Tow sports is an activity that is growing as fast as adventure-seeking individuals can think up new ways to have fun while boating. A whole industry exists that promotes family-fun products that can be towed behind a boat. Today, tow sports is more than just waterskiing
; it includes activities such as wakeboarding, knee boarding, tubing
, and other inflated towable
- Safety First – Always wear a properly fitted Coast Guard-approved life jacket for any tow sport activity. Select one that won’t ride up over your head and that provides adequate impact protection if you take a spill.
- Inspect Your Equipment – Check your equipment carefully for wear and tear before use. Replace and discard components that show signs of deterioration.
- Know the Area – Check out the area where you’ll be participating in tow sports ahead of time. Do not operate in shallow water, near the shoreline, or near docks, pilings, swimmers, and other watercraft.
- Turn Off Your Engine - Always turn off your engine when a rider is entering or exiting the water. Besides the danger of a moving propeller, a boat’s exhaust can produce carbon monoxide, a colorless and odorless gas that can be deadly.
- Listen To Your Rider - Remember that a rider has no control of the boat or its speed, so be sure to go over hand signals with the rider before he or she gets in the water. This way, a rider can communicate if they wish to turn, slow down, or stop.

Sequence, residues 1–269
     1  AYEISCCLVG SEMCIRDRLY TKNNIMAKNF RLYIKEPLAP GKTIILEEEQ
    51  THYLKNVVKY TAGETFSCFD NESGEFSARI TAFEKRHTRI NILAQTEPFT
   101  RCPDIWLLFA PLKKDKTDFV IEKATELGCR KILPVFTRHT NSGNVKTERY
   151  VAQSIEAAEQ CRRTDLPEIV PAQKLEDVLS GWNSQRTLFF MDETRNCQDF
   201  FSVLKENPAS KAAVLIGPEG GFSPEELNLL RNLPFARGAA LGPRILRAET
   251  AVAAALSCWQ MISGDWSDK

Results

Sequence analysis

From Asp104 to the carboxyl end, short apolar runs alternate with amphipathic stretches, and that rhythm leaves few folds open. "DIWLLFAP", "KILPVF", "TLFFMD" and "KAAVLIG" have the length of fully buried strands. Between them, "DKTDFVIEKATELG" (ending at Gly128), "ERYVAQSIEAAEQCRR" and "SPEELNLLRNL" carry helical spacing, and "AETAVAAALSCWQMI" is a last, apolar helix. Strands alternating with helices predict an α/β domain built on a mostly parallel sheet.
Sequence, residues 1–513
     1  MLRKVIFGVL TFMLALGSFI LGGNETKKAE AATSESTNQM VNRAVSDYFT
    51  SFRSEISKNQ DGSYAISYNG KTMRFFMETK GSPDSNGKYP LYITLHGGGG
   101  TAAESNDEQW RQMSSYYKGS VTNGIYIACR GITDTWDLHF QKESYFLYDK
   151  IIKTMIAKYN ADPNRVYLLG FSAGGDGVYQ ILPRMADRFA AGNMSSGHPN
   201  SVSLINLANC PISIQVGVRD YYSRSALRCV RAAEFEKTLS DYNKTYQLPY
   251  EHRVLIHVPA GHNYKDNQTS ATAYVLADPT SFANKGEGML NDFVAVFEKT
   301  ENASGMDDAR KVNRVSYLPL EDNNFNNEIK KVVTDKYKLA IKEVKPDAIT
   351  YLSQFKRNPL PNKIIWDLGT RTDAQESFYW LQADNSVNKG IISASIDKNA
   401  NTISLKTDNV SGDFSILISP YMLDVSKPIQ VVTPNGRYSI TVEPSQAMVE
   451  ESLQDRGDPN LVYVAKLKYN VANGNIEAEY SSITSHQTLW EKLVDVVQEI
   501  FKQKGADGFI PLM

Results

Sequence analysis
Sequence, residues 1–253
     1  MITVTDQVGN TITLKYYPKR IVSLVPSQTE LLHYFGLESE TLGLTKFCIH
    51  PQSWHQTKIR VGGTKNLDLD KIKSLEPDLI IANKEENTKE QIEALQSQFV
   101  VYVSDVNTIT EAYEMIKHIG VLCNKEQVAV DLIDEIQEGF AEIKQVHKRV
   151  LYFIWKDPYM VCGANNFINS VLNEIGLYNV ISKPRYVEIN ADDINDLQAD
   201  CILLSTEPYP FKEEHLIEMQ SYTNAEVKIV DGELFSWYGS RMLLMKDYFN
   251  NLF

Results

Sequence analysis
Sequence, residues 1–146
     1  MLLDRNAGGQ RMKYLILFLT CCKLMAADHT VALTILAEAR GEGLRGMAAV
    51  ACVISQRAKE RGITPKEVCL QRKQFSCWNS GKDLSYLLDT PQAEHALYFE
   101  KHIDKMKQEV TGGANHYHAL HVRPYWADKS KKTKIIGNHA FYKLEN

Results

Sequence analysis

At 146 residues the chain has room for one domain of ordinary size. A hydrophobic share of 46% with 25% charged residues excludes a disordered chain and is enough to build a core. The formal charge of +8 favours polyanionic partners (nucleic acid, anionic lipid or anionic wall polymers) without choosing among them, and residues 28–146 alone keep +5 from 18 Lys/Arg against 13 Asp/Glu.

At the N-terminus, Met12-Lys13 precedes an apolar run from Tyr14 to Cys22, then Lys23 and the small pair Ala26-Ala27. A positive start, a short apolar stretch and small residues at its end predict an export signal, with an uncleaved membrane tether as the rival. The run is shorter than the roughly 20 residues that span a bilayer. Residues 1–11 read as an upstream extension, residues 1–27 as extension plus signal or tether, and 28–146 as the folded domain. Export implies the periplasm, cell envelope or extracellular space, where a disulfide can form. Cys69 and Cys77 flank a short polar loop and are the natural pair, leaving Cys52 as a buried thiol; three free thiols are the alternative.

- Observe Capacity Ratings – For inflatable tubes and similar devices that allow for multiple riders, multiple riders follow the manufacturer’s recommendations on weight limit and maximum towing speed.
- Always Use A Spotter – Required by law in most states, a spotter should have constant visual contact with the rider and relay information to the boat operator.
- Operate With Care – The driver should always look ahead and be mindful of other waterway users. Use caution when crossing a wake or operating near other boats, docks, or the shore.
- Know Your Limits – Always ski or ride within your limits. Operate or participate with control and at speeds appropriate for your ability.
- Take Care of Equipment – When possible, rinse your equipment with fresh water to keep it lasting longer, and coil your tow rope to prevent permanent kinks
Don’t forget to read the operator’s manual before using any new piece of equipment. Not only are the safety messages important, but the manual may also provide tips on getting the most enjoyment from your new toy.
Always respect the waterways, other waterway users, and those who live adjacent to our waterways.
Ted Sensenbrenner is the Assistant Director of Boating Safety for the BoatU.S. Foundation, which is devoted to projects that promote environmentally responsible boating, and safe-boating practices.
Content Courtesy of BoatU.S.